- visiting a police station
- phoning 101
- speaking to a member of the police on the street
If you believe there is an immediate risk of harm to someone, or it is an emergency, you should always call 999.
Read further information in the domestic violence disclosure scheme guidance.
Get help from UK Visas and Immigration if you don’t have settled status in the UK
Apply for settlement in your own right
If your relationship with a British citizen or someone settled in the UK has broken down because of domestic abuse you may be able to apply for settlement as a victim of domestic violence.
In light of this, the government offers the Destitute Domestic Violence concession, which provides help to victims of domestic abuse who are in a relationship in which they are financially dependent on an abusive partner, who have been admitted to the UK with leave as spouses, unmarried partners, same-sex partners or civil partners of a British citizen or a person settled in the UK.
Apply for access to benefits
The Destitution Domestic Violence concession offers domestic abuse victims 3 months’ leave outside the immigration rules with the ability to apply for access to public funds. This provides the opportunity to gain a temporary immigration status independent of the abuser and to fund safe accommodation, where victims of domestic abuse may consider applying for indefinite leave to remain or deciding to return to their country of origin.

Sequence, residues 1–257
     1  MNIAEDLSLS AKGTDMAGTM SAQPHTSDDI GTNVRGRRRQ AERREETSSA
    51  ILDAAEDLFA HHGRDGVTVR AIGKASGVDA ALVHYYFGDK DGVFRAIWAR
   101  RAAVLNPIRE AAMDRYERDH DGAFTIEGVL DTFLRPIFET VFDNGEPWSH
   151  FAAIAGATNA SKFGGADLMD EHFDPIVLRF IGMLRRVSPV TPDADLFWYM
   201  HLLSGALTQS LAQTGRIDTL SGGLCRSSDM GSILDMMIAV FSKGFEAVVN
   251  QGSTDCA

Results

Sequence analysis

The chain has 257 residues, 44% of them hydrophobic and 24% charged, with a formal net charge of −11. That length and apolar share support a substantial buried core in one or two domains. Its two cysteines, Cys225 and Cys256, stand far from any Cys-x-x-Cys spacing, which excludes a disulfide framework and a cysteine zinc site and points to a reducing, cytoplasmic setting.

Get help If you think you may be an abuser
If you are concerned that you or someone you know may be an abuser, there is support available.
Respect: a helpline for domestic abuse perpetrators that directs them to programmes in the local area. The helpline also takes calls from (ex)partners, friends and relatives who are concerned about perpetrators.
Telephone: 0845 122 8606.
Further support materials
Help is available for those experiencing domestic abuse from the Department of Work and Pensions. This includes housing benefit, Employment and Support Allowance, a break from job seeking and Universal Credit adjustments.
Read information and practice guidelines for professionals protecting, advising and supporting victims of forced marriage.
Read the leaflet the Home Office developed with Southall Black Sisters aimed at women in black and minority ethnic communities: Three steps to escaping domestic violence.